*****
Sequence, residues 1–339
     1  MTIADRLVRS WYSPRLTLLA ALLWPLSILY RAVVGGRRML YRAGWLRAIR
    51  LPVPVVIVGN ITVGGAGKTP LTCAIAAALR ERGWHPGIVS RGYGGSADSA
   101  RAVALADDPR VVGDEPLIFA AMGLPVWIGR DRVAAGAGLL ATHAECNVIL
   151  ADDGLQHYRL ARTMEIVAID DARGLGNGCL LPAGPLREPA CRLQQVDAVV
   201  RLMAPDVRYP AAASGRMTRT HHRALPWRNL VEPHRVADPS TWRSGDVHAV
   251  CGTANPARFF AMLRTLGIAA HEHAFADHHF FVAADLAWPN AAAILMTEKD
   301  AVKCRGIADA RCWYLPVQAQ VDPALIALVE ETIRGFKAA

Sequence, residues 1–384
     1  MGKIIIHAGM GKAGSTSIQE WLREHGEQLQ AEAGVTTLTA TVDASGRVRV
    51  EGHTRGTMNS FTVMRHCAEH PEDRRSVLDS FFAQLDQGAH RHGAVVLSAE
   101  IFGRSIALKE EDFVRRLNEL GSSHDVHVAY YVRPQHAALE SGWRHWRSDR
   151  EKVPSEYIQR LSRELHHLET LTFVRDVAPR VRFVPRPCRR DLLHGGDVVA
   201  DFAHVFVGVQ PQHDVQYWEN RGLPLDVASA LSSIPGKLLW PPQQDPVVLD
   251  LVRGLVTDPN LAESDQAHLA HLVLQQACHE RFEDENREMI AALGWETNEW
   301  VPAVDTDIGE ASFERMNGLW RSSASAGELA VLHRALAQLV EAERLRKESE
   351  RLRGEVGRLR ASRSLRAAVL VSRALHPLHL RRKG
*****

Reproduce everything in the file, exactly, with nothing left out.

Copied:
Sequence, residues 1–339
     1  MTIADRLVRS WYSPRLTLLA ALLWPLSILY RAVVGGRRML YRAGWLRAIR
    51  LPVPVVIVGN ITVGGAGKTP LTCAIAAALR ERGWHPGIVS RGYGGSADSA
   101  RAVALADDPR VVGDEPLIFA AMGLPVWIGR DRVAAGAGLL ATHAECNVIL
   151  ADDGLQHYRL ARTMEIVAID DARGLGNGCL LPAGPLREPA CRLQQVDAVV
   201  RLMAPDVRYP AAASGRMTRT HHRALPWRNL VEPHRVADPS TWRSGDVHAV
   251  CGTANPARFF AMLRTLGIAA HEHAFADHHF FVAADLAWPN AAAILMTEKD
   301  AVKCRGIADA RCWYLPVQAQ VDPALIALVE ETIRGFKAA

Sequence, residues 1–384
     1  MGKIIIHAGM GKAGSTSIQE WLREHGEQLQ AEAGVTTLTA TVDASGRVRV
    51  EGHTRGTMNS FTVMRHCAEH PEDRRSVLDS FFAQLDQGAH RHGAVVLSAE
   101  IFGRSIALKE EDFVRRLNEL GSSHDVHVAY YVRPQHAALE SGWRHWRSDR
   151  EKVPSEYIQR LSRELHHLET LTFVRDVAPR VRFVPRPCRR DLLHGGDVVA
   201  DFAHVFVGVQ PQHDVQYWEN RGLPLDVASA LSSIPGKLLW PPQQDPVVLD
   251  LVRGLVTDPN LAESDQAHLA HLVLQQACHE RFEDENREMI AALGWETNEW
   301  VPAVDTDIGE ASFERMNGLW RSSASAGELA VLHRALAQLV EAERLRKESE
   351  RLRGEVGRLR ASRSLRAAVL VSRALHPLHL RRKG